Business managers would never chart a course of action for the future without gathering all of the necessary information, analyzing the pros and cons of different approaches, and meeting with the main people who have a stake in the outcome. Yet many families approach eldercare issues with a similar lack of foresight.
If there is an aging member of your family who soon may need help at home or perhaps will move into an eldercare facility of some kind, it's essential for everyone to talk about what's ahead. Consider trying to call the appropriate relatives together for a family meeting—and be prepared to answer some of these questions:
Can you meet? Frequently, inertia will take over or some family members won't see the need for a family discussion. It's difficult to find the time with our busy schedules and other commitments. What's more, many families today are dispersed around the country and beyond. Nevertheless, it's important to bring everyone together to work out a plan.
Why should you meet? Whether or not specific problems need to be addressed immediately, a meeting gives family members a chance to share information and air their concerns. One or more siblings may feel that too much of the caretaking is falling to them, while others may express their intention to do more. Encourage family members to get such feelings out on the table. Keep in mind that there is no right or wrong approach. The needs of each family and the best solutions for everyone will vary.
Who should you invite? This depends on the size of your family, who takes an active family role, and other factors. Certainly, the children of an elderly parent should be involved, and perhaps the grandchildren, too, if they're old enough to be meaningful participants. Depending on the situation, close family friends and professional advisers also might be included. There could be value to bringing in a third-party caretaker, perhaps a nursing aide or someone else paid to help the parent, who might contribute insight to the discussion. Finally, consider whether or not to include the loved one whose future is being discussed.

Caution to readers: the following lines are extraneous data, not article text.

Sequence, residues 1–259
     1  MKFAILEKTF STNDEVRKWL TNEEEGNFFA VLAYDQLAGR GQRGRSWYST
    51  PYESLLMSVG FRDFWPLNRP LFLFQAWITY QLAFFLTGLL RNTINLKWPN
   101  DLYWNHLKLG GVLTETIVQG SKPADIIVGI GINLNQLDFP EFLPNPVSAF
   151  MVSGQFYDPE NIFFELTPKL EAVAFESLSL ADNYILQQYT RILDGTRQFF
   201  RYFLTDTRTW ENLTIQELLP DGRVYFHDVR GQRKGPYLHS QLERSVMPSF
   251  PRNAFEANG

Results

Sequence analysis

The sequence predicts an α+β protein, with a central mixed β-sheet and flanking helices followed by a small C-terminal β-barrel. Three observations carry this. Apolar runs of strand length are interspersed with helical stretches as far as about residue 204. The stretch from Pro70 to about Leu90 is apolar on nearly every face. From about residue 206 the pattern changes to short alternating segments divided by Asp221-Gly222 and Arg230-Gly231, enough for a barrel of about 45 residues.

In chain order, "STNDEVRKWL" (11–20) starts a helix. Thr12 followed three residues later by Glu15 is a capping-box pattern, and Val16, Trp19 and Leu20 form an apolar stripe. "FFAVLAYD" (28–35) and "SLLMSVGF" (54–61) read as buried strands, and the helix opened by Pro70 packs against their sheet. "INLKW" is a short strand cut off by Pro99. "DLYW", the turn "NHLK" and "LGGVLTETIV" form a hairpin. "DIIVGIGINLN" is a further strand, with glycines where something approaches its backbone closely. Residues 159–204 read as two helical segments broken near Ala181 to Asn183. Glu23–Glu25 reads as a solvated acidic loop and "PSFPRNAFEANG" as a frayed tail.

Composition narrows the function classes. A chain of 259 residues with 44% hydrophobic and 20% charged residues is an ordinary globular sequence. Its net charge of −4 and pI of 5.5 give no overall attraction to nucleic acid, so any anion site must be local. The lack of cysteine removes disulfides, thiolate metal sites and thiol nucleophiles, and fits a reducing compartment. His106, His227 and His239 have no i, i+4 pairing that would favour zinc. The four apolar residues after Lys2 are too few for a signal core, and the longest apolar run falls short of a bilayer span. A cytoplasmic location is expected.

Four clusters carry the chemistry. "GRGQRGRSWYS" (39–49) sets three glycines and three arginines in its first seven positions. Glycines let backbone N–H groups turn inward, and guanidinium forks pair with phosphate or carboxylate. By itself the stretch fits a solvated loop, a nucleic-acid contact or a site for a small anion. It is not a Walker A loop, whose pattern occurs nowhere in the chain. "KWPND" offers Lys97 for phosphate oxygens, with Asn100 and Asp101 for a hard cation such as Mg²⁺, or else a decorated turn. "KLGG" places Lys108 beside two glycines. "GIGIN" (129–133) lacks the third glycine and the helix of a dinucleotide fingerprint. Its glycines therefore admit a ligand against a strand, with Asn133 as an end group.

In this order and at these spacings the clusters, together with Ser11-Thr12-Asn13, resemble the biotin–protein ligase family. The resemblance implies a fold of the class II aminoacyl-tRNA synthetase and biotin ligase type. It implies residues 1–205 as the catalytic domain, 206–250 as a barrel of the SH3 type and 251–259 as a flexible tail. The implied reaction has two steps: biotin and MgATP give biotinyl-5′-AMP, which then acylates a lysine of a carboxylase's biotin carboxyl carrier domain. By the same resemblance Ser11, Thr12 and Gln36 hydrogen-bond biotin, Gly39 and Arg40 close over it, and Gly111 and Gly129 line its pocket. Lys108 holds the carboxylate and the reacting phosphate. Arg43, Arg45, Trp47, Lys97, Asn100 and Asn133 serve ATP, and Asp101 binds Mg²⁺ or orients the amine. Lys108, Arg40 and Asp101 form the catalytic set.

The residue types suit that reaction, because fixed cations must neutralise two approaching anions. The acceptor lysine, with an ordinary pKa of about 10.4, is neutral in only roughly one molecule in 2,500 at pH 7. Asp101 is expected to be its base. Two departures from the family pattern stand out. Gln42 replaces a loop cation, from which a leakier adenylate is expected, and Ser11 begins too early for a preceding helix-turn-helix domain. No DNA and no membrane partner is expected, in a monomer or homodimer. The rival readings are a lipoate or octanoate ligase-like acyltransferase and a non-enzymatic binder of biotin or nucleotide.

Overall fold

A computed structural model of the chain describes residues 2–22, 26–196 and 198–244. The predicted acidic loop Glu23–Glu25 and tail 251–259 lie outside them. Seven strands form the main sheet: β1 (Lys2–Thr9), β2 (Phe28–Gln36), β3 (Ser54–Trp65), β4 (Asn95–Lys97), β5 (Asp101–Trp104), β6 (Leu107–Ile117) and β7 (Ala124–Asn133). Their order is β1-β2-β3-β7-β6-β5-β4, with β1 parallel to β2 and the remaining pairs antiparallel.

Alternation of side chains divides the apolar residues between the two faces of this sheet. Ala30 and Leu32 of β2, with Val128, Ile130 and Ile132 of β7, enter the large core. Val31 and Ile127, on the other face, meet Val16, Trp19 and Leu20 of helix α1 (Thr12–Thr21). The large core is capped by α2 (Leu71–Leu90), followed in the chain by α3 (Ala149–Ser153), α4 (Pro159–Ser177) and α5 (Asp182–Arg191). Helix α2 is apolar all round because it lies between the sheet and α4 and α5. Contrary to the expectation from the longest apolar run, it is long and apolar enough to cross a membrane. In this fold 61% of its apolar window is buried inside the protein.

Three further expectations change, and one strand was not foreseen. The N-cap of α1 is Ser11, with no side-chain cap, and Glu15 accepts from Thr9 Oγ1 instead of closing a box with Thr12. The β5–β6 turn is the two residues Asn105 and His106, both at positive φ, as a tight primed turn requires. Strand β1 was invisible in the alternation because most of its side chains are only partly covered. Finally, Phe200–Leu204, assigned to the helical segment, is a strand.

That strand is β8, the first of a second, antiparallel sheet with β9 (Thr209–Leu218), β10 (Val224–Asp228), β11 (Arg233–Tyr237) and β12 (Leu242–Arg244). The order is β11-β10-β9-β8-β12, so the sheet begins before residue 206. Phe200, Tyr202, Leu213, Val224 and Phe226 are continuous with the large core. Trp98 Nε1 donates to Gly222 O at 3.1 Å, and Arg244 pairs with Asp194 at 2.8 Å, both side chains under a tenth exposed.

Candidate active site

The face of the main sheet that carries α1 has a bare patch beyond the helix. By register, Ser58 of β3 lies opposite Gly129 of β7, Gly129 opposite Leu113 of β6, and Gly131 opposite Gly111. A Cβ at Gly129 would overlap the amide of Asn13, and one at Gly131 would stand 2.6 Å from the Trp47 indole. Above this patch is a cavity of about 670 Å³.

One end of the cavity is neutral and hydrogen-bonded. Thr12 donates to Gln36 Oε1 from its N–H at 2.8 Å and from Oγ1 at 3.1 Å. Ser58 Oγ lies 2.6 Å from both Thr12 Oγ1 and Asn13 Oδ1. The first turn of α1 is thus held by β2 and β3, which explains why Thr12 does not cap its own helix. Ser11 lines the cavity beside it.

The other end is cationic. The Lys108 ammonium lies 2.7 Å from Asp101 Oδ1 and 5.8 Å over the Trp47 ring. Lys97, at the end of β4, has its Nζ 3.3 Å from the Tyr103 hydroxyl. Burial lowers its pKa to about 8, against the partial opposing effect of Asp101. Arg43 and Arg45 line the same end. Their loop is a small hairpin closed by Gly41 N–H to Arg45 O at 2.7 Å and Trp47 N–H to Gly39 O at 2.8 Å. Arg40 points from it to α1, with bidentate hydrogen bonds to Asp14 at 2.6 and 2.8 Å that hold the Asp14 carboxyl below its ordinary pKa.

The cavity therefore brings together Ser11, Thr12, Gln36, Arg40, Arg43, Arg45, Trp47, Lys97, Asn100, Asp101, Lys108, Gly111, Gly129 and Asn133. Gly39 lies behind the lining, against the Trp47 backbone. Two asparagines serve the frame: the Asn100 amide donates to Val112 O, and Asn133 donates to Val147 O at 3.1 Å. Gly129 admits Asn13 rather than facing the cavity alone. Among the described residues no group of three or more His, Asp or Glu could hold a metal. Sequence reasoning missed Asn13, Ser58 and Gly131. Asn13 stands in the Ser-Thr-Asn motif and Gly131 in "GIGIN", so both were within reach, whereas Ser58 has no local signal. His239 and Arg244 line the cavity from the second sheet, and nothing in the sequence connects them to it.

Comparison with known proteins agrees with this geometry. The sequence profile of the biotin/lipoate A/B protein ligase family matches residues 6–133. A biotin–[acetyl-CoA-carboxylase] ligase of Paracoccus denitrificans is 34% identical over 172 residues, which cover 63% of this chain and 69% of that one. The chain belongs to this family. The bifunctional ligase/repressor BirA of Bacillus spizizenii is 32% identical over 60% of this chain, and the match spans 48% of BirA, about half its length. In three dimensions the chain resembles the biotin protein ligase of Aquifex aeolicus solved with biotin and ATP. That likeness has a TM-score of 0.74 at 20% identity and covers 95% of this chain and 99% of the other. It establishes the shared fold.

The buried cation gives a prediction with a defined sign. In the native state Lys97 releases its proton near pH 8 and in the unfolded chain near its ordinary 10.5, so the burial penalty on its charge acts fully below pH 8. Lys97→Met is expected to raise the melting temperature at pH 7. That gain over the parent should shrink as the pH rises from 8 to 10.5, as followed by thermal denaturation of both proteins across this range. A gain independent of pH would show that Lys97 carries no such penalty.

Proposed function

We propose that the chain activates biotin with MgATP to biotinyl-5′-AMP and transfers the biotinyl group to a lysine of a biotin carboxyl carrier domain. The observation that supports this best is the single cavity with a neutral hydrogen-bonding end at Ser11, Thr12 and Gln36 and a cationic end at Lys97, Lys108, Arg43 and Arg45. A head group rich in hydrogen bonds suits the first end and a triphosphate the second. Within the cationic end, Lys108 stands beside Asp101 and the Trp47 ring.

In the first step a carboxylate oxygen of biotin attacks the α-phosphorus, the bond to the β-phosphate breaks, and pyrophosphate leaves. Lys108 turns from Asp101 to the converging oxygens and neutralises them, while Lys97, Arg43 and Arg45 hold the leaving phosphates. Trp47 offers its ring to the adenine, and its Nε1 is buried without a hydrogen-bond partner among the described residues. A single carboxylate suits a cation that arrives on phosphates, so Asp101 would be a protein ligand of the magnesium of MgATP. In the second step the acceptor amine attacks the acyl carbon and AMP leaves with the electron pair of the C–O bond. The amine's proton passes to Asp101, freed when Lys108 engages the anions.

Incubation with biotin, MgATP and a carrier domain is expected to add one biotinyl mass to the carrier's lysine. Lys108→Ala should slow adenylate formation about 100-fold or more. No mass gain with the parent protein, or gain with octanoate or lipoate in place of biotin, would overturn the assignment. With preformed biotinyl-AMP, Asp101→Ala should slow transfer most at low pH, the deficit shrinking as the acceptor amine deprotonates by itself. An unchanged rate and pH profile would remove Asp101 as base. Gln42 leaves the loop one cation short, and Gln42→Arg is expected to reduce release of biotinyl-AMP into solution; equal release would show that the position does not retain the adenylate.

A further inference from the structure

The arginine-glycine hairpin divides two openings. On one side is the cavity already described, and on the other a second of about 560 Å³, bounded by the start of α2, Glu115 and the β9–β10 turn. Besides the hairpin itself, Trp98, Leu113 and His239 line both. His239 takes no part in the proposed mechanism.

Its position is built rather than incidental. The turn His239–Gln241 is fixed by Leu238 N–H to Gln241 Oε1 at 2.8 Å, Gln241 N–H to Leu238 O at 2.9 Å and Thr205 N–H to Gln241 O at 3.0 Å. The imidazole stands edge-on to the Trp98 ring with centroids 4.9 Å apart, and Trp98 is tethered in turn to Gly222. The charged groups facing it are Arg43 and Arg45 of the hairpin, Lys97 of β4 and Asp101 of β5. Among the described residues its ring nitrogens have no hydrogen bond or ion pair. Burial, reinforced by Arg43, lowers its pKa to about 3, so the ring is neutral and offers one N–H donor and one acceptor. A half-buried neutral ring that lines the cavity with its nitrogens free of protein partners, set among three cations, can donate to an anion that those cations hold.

What should you cover? The older family member's health care may be at the top of the agenda. You may decide to move the person to a nursing or assisted living facility or to upgrade accommodations at a current location. Another option is to keep the person at home and use live-in care. It's also important to determine whether the parent has a living will or other health care directives that express what kind of care he or she wants to receive. Finances also will be an important part of the equation. Establishing a durable power of attorney for a designated person to handle financial matters could be helpful, and you might decide that one or more trusts could help protect family assets. Federal and state rules covering such documents are complex, so be sure to consult with professionals experienced in this area of the law.
How should you conduct the meeting? Just as for a business meeting, an agenda that you develop beforehand could help keep the discussion on track. One of you may want to take the lead in creating an agenda and distributing it by email to everyone who will be there, then revising it to include other family members' concerns.
What should you do next? Trying to maintain good communication with everyone is very important, and even in families that have not always been harmonious, this is one time when everyone needs to try to come together for the benefit of the loved one. Of course, conflicting viewpoints are likely to be expressed at the meeting, so you all will need to be prepared to compromise. Have someone take detailed notes and circulate them to everyone, and then ask everyone to agree to honor the agreements you've reached.
You all will have to remain flexible in case the situation changes. Develop a "plan B" if, for example, you choose a particular facility that doesn't work out or the elderly person's condition suddenly worsens. Finally, don't expect miracle solutions, but do involve your financial and other advisers in this crucial effort to help this family member.
This article was written by a professional financial journalist for Preferred NY Financial Group,LLC and is not intended as legal or investment advice.